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Differentiation of monocytes into multinucleated giant bone-resorbing cells: two-step differentiation induced by nurse-like cells and cytokines.

Toyosaki-Maeda T, Takano H, Tomita T, Tsuruta Y, Maeda-Tanimura M, Shimaoka Y, Takahashi T, Itoh T, Suzuki R, Ochi T - Arthritis Res. (2001)

Bottom Line: The characteristics of these cells are not completely known.These mononuclear cells then differentiated into multinucleated giant bone-resorbing cells after stimulation with IL-3, IL-5, IL-7, and/or granulocyte-macrophage-colony-stimulating factor.TRAP-positive cells with similar characteristics were found in synovial fluid from patients with RA.

View Article: PubMed Central - PubMed

Affiliation: Department of Orthopedic Surgery, Osaka University Medical School, Yamada-Oka 2-2, Suita, Osaka 566-0871, Japan.

ABSTRACT
Bone resorption in the joints is the characteristic finding in patients with rheumatoid arthritis (RA). Osteoclast-like cells are present in the synovial tissues and invade the bone of patients with RA. The characteristics of these cells are not completely known. In the work reported here, we generated these cells from peripheral-blood monocytes from healthy individuals. The monocytes were co-cultured with nurse-like cells from synovial tissues of patients with RA (RA-NLCs). Within 5 weeks of culture, the monocytes were activated and differentiated into mononuclear cells positive for CD14 and tartrate-resistant acid phosphatase (TRAP). These mononuclear cells then differentiated into multinucleated giant bone-resorbing cells after stimulation with IL-3, IL-5, IL-7, and/or granulocyte-macrophage-colony-stimulating factor. TRAP-positive cells with similar characteristics were found in synovial fluid from patients with RA. These results indicate that multinucleated giant bone-resorbing cells are generated from monocytes in two steps: first, RA-NLCs induce monocytes to differentiate into TRAP-positive mononuclear cells, which are then induced by cytokines to differentiate into multinucleated giant bone-resorbing cells.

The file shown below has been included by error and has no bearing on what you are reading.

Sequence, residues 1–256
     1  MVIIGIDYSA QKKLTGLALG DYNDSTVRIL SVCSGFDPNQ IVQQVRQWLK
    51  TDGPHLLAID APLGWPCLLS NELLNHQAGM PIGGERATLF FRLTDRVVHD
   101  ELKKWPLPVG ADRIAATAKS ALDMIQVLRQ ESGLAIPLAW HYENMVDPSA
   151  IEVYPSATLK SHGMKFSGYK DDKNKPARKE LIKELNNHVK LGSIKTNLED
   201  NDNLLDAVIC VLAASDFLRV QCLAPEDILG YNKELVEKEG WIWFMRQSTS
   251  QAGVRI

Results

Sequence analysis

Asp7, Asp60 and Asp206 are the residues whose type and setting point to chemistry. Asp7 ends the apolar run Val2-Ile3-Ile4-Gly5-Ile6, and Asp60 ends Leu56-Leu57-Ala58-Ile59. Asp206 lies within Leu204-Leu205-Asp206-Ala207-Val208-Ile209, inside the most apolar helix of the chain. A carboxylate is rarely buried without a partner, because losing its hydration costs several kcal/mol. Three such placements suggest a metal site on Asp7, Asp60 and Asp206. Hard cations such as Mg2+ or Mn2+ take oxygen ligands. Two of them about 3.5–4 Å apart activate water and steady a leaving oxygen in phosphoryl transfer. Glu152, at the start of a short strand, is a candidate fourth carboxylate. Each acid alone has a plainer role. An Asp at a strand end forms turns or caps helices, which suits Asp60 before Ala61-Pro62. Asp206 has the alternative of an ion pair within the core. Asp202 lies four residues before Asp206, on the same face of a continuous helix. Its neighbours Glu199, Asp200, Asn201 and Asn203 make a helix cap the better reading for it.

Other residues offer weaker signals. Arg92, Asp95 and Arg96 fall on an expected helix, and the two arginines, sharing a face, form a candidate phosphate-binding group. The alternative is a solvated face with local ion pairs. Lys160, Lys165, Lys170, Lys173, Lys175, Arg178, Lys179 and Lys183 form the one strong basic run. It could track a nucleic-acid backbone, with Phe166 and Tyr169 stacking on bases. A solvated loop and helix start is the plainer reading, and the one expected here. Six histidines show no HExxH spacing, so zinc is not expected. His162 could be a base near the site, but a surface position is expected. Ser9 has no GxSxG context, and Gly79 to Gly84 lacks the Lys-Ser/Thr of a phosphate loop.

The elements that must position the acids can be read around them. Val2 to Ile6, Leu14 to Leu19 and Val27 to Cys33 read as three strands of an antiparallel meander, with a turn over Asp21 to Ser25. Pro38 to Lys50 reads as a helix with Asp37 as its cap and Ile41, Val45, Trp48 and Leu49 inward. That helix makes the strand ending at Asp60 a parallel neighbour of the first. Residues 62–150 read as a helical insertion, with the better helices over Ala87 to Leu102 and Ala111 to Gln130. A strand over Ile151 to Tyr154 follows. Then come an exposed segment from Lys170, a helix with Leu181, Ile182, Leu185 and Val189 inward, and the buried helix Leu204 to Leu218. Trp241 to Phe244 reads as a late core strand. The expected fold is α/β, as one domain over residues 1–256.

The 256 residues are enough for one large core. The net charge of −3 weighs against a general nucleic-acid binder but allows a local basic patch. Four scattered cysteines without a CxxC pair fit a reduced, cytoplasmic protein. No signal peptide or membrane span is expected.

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Immunohistochemical staining of multinucleated giant bone-resorbing cells. The cells were stained green for (a) carbonic anhydrase II and (b) vitronectin receptor. The cells were also positive for (c) actin, which showed red, ring-form staining. (d)In situ detection of calcitonin receptor using 125I-human calcitonin. Black grains mark the cells expressing calcitonin receptor. The multinucleated giant bone-resorbing cells were incubated with 125I-human calcitonin for 1 h. The cells were washed, fixed, and dried as described in the Supplementary materials and methods section. Air-dried slides were exposed at 4ºC for 10 days. Scale lines = 100 μm.